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Aung San Suu Kyi Faces Life in Prison as Myanmar Regime Crushes Democracy, Burns Christian Homes and Churches

Military troops burn a village in Kinma village, Pauk township, Magwe division, central Myanmar. (AP Photo)
Military troops burn a village in Kinma village, Pauk township, Magwe division, central Myanmar. (AP Photo)

Hope for democracy in Myanmar is even weaker now that the country's ousted leader is in prison. Nobel laureate, Aung San Suu Kyi, faces possible life imprisonment over charges filed after the military coup in February.  This development means less freedom and likely more persecution against the country's Christians. 

A day ahead of the expected verdict on Suu Kyi, a military truck rammed into young protesters, killing five and injuring many others. Protesters wanted the release of Suu Kyi and other elected leaders who were arrested when the military seized power in the February coup.

The 76-year-old Suu Kyi was recently sentenced to two years imprisonment for alleged incitement and violating COVID-19 regulations, but she faces multiple other charges that may land her in jail for the rest of her life. 

A senior pastor in Myanmar told CBN News the church is working behind the scenes. He requested we hide his identity for security reasons.

He said, "The church is silent, however, it doesn't mean that we submit to the sentence. We are grieving for that. The churches do not agree what the military is doing but we are vulnerable, we are powerless to make a statement officially at this point. But we keep fighting in prayer as Christians."
"We take care of the poor people around us which the military is not doing. We don't have to take the gun. The battle is the Lord's but from our side, we do not tolerate evil. We join the protest in a peaceful way," he said.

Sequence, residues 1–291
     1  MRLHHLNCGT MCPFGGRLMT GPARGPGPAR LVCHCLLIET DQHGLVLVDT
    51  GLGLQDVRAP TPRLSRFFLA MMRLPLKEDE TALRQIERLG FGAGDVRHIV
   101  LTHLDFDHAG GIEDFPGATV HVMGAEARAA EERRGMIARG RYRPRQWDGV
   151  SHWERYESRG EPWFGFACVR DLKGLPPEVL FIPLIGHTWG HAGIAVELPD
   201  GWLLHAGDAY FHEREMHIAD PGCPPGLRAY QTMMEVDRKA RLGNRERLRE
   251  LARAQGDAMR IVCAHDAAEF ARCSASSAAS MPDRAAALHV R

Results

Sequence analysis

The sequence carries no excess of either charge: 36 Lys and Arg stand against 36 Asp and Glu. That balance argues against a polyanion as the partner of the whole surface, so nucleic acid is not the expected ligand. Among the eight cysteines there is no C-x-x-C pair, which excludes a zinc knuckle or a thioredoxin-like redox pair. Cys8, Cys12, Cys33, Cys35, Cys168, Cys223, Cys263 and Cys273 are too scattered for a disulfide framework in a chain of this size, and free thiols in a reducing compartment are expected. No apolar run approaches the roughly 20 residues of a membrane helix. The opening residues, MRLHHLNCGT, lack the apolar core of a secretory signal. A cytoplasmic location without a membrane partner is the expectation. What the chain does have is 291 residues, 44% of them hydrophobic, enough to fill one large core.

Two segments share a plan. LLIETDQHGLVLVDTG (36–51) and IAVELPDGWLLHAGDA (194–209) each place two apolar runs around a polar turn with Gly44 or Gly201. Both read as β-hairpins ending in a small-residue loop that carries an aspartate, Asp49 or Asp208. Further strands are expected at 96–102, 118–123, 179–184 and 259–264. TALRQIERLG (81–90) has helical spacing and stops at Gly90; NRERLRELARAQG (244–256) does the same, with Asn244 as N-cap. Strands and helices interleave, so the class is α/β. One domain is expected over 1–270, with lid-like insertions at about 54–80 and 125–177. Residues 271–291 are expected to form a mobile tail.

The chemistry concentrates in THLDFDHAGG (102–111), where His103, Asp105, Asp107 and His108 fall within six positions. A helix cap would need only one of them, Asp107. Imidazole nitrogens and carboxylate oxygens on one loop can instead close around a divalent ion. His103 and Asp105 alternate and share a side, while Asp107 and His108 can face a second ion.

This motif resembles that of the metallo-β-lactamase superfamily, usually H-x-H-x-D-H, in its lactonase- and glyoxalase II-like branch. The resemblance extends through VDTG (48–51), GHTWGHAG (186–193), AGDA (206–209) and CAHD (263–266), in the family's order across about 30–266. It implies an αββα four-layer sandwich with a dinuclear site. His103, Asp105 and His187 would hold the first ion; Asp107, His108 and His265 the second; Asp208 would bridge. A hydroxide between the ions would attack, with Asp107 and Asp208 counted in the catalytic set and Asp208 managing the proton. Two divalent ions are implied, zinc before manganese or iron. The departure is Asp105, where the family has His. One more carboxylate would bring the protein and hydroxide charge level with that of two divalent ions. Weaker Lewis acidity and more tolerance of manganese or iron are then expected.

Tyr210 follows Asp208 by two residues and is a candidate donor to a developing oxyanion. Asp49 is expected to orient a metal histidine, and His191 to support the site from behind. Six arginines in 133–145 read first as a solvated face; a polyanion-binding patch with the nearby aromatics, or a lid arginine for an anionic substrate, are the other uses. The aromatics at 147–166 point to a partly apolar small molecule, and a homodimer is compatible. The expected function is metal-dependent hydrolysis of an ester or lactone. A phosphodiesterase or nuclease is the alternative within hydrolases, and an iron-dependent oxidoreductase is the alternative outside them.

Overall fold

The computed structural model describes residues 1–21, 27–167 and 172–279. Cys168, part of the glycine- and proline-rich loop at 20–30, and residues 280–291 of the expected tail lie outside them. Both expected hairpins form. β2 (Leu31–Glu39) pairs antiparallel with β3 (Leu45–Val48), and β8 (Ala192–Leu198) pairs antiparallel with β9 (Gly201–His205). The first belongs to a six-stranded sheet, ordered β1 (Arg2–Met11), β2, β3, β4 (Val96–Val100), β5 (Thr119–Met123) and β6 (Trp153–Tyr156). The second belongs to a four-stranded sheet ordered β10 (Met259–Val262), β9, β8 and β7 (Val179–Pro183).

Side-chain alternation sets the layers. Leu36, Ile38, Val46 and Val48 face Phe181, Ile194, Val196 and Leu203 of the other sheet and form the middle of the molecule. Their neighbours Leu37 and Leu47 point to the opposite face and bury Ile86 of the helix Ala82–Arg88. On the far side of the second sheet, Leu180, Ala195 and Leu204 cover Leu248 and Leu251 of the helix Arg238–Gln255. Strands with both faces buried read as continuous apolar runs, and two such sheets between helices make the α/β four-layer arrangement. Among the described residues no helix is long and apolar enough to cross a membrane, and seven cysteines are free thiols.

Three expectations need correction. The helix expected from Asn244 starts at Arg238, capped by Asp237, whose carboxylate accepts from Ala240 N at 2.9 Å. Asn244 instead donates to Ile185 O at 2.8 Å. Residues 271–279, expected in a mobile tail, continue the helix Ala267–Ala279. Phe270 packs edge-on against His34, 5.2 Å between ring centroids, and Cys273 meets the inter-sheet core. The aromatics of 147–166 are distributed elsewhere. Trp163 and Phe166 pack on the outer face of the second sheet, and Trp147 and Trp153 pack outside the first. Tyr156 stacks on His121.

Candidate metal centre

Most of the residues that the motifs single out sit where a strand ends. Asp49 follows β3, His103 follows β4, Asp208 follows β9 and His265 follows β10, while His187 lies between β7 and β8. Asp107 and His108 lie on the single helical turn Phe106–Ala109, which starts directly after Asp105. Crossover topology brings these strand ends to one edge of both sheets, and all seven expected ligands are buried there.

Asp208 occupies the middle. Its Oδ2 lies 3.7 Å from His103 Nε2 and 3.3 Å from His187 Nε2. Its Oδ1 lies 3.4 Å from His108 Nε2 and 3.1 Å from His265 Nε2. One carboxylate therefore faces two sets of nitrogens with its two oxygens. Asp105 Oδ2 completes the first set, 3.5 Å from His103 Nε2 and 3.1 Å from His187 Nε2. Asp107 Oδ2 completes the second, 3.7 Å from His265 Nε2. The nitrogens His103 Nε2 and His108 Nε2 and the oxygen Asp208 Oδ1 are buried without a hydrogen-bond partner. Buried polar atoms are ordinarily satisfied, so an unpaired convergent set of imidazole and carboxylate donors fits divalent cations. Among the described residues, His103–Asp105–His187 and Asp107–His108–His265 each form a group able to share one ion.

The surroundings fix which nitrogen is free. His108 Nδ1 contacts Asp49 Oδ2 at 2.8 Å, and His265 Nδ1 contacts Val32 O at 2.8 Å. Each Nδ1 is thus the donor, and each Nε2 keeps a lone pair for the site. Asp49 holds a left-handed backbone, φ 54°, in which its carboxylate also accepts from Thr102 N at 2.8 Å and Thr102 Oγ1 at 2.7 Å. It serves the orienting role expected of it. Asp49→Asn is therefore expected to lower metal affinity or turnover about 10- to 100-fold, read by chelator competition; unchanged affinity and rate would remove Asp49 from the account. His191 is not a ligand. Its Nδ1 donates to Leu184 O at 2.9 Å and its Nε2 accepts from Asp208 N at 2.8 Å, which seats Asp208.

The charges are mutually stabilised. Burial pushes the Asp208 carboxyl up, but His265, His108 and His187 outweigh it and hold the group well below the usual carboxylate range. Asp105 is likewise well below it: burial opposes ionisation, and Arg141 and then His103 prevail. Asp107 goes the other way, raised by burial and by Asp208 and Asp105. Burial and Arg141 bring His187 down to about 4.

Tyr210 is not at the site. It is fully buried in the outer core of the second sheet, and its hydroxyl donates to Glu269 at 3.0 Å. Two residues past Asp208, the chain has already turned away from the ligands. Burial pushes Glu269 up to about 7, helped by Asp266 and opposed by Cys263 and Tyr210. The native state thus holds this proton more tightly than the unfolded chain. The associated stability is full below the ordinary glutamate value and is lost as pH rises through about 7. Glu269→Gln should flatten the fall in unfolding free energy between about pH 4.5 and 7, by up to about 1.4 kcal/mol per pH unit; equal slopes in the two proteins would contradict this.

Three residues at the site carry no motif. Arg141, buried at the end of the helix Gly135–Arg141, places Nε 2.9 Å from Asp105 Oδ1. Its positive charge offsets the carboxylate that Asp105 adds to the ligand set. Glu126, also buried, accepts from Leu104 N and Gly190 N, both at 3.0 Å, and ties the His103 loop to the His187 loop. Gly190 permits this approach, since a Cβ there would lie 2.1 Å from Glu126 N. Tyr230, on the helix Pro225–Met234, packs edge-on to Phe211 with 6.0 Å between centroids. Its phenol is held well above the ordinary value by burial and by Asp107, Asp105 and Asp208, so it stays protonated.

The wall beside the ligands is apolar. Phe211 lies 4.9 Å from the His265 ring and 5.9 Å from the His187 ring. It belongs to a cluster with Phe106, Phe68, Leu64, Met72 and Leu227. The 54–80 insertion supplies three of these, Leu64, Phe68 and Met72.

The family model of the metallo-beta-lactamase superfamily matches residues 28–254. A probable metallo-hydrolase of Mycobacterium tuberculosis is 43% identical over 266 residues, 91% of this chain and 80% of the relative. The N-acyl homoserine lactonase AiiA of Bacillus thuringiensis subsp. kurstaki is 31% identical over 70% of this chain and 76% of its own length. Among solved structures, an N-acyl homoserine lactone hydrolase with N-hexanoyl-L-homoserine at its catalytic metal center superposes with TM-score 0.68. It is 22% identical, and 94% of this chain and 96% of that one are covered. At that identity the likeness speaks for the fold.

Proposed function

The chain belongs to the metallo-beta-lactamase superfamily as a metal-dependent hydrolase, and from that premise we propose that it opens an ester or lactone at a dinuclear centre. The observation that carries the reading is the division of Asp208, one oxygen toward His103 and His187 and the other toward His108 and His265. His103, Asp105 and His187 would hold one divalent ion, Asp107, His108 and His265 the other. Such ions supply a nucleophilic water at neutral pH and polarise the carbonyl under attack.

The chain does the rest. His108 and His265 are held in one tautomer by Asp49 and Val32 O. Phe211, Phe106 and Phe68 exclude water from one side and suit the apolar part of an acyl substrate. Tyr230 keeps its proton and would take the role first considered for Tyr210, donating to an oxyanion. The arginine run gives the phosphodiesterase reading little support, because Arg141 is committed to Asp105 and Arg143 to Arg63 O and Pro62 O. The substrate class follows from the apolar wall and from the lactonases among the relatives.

Scattered violence has escalated as civilians defend themselves from the military's brutality. In one town, 11 people including children were reportedly shot and burned in apparent retaliation for recent attacks of a guerilla army against the military.

In Chin State, where 90% of the residents are Christian, the military burned more than 420 houses and five Christian churches. 

The pastor believes it was intentional. "There are Buddhist monasteries but it was not touched. But Christian churches, they were burned down," he added. 

He also said that freedom of religion supposedly exists in Myanmar but with many restrictions. "A law still applies we cannot gather more than five people in one place, so churches, if we gather together, if they want to arrest us, they can use that law to arrest the Christian."

When asked how Christians around the world should pray for Myanmar, he answered, "Please pray for the Christian leaders. Because of COVID, many pastors died. Many churches are affected by that. We need courage as Christian leaders to lead our congregation, lead our people." 

"Secondly please pray for the Christians to stand up for their faith. Even if this is the darkest hour in Myanmar, that we can shine like stars for God. For the opportunity to shine for Christ. We need reconciliation in this country."

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